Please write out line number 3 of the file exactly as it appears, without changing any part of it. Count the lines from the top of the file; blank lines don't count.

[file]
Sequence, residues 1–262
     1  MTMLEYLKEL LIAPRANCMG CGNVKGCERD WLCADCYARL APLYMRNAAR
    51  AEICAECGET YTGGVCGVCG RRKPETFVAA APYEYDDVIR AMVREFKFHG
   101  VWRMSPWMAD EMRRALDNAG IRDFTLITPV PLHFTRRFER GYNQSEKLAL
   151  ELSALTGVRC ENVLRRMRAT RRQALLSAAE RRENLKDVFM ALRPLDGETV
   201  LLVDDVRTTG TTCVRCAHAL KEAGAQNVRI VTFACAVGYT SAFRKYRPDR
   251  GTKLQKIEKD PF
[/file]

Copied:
    51  AEICAECGET YTGGVCGVCG RRKPETFVAA APYEYDDVIR AMVREFKFHG